One of the most interesting things they said during the “Waste=Food” movie was how materials should be compostable and we shouldn’t downcycle. Downcycle meaning recycling the products to something lower then what they originally were. This process, you take materials and make them into a product of lesser quality and reducing the function. A quote from William McDonough from both the movie and the book Cradle to Cradle, “When plastics other than those found in soda and water bottles are recycled, they are mixed with different plastics to produce a hybrid of lower quality, which is then molded into something amorphous and cheap, such as a park bench or a speed bump”. I agree with him on this idea. While this idea seems good because you are preventing the materials from going to a landfill, there still is the issue of creating more. A more successful solution would be to create something that is biodegradable, or that serves a higher purpose.
A current trend right now in so many different areas is the idea of up-cycling and re-purposing. We see it everywhere, in botiques and on the internet. It is a high priced trend. This is not the solution either. This is just like putting a band-aid on the problem and forgetting about it. This is not going to help in the long run, because in reality, these products are now going to be even harder to recycle. For example, on the website Etsy.com, simply typing into the search “upcycled” provides you with anything you could ever want to buy that has been upcycled.
I found this chair, which honestly, I would buy. It’s a nice color, I like the fabric and it looks like it was fixed up well.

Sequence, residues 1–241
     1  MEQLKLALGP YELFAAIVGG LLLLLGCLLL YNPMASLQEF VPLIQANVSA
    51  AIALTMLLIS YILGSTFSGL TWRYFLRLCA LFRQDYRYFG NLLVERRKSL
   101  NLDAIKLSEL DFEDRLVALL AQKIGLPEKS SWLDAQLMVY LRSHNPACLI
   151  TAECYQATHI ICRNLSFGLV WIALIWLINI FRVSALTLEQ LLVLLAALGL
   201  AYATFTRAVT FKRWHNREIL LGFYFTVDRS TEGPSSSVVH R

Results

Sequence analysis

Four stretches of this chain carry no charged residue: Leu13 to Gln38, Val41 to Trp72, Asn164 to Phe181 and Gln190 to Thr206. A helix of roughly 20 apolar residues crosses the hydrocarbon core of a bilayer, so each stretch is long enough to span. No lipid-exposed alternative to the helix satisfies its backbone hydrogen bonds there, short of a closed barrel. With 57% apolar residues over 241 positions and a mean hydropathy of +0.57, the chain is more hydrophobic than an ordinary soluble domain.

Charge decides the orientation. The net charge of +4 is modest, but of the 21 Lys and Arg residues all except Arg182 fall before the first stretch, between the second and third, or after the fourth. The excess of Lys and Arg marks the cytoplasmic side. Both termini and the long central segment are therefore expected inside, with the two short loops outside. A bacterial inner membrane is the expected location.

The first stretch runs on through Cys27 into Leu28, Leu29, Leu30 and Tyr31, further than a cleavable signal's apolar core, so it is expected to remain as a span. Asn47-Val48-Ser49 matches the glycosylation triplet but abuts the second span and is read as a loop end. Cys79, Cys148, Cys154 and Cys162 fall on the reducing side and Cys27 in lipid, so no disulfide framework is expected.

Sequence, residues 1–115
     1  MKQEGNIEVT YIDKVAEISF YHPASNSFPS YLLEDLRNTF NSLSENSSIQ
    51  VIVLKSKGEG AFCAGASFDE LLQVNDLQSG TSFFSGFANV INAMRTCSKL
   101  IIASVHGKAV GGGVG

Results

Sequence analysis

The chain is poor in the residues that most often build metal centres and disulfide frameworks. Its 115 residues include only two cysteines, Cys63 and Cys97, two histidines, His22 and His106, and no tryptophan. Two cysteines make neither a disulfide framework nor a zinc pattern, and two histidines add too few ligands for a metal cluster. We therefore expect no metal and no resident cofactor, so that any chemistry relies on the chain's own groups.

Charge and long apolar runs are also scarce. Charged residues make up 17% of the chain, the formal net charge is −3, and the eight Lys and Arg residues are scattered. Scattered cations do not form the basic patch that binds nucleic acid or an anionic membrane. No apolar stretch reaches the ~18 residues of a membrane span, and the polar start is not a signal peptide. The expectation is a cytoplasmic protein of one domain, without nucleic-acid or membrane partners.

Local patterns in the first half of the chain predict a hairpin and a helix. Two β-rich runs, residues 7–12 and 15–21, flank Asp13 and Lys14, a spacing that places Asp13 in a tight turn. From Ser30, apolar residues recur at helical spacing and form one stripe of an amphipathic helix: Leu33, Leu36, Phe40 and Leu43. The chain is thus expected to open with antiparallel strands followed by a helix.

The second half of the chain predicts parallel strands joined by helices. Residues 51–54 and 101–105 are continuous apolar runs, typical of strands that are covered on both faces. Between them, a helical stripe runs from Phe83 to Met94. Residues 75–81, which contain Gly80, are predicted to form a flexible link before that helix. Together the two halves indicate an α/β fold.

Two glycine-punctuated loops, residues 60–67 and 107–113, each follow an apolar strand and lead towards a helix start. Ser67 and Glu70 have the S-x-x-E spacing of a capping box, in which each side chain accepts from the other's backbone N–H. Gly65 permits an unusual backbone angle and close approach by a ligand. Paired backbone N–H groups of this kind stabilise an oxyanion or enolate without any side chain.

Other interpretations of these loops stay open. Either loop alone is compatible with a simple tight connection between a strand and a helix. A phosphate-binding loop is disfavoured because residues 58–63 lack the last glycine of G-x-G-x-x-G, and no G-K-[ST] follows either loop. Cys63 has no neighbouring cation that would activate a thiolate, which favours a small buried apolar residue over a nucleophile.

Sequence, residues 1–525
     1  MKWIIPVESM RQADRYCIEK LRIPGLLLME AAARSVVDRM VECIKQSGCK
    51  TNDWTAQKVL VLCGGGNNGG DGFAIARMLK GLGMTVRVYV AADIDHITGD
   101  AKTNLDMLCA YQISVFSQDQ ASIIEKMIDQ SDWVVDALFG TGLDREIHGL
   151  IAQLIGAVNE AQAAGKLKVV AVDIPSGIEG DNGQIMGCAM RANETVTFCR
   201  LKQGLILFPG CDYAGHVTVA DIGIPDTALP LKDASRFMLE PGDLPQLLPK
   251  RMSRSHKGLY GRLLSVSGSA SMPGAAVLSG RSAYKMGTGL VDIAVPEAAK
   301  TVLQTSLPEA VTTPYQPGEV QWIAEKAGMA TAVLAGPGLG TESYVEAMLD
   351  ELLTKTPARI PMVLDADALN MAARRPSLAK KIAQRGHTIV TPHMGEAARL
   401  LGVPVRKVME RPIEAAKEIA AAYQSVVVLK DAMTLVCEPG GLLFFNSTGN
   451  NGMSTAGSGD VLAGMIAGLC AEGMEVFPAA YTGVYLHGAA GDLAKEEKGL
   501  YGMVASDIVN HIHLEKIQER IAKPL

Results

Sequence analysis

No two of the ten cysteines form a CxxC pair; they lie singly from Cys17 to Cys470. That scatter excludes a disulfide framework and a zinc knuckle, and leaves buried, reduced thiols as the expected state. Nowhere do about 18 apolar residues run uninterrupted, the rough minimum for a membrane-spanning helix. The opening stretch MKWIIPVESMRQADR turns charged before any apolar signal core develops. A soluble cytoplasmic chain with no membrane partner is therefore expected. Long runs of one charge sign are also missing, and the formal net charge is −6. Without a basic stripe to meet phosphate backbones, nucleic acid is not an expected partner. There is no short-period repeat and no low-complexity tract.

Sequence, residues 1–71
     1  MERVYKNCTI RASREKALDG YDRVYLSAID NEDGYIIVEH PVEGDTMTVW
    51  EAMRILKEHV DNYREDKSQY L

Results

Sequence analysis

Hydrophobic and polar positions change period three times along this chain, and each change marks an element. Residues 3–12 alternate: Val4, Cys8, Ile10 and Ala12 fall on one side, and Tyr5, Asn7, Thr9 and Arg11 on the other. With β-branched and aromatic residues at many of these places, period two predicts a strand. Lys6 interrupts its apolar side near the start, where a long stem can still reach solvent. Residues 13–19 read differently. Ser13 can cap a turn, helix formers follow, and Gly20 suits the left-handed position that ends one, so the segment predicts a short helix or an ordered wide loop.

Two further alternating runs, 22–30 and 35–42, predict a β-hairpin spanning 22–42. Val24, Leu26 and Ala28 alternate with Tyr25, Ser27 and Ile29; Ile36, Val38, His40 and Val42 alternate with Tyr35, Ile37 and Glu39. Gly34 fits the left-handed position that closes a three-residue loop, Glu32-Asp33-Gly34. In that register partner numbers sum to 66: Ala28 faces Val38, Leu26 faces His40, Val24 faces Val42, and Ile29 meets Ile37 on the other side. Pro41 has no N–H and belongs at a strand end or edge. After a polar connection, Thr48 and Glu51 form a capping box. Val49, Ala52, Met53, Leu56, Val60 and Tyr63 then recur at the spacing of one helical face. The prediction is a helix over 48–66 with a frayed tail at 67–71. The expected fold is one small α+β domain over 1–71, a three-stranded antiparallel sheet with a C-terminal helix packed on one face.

But, that isn’t what is important. Looking past the bright and beautiful colors, in terms of eco-friendly, does this solve the problem. No, it doesn’t. In fact, I would argue that it makes it a little worse. Now, this original Queen Anne chair, which most likely was made of good solid “antique” wood, probably cherry, is covered in toxic paint. What I see from this now, is that the chair was saved from recycling or the landfill once, but now it’s covered in paint which is even worse and will make it even harder to recycle and will add elements to the landfill that shouldn’t be there.
This idea appears to be nothing more then just trendy to me. Yes, I admit, it is aesthetically pleasing and I even said earlier I would purchase it on impulse, but in reality and in terms of whats best for the environment, this idea really isn’t helping anything. I think that the intentions of up-cycling were good. They wanted to prevent things from heading to the landfill, and provide something unique for people to purchase and own. While this idea does prevent items from heading immediately to the landfill, it a few years when the product is worn down and no longer wanted, it will just be put out into the trash. This idea just helped delay the process of going to the landfill.
I’m not sure what the right thing to do here to reduce the waste besides from creating a waste to energy incinerator, which is not very realistic for a short term solution. Another idea would be to start creating materials and products that are biodegradable and complete the cycle of coming from the Earth, being used as a product, and returning again to the earth.
William, McDonough; Michael Braungart (2002). North Point Press. ed. . North Point Pr.Cradle to Cradle: Remaking the Way We Make Things. pp. 56–57.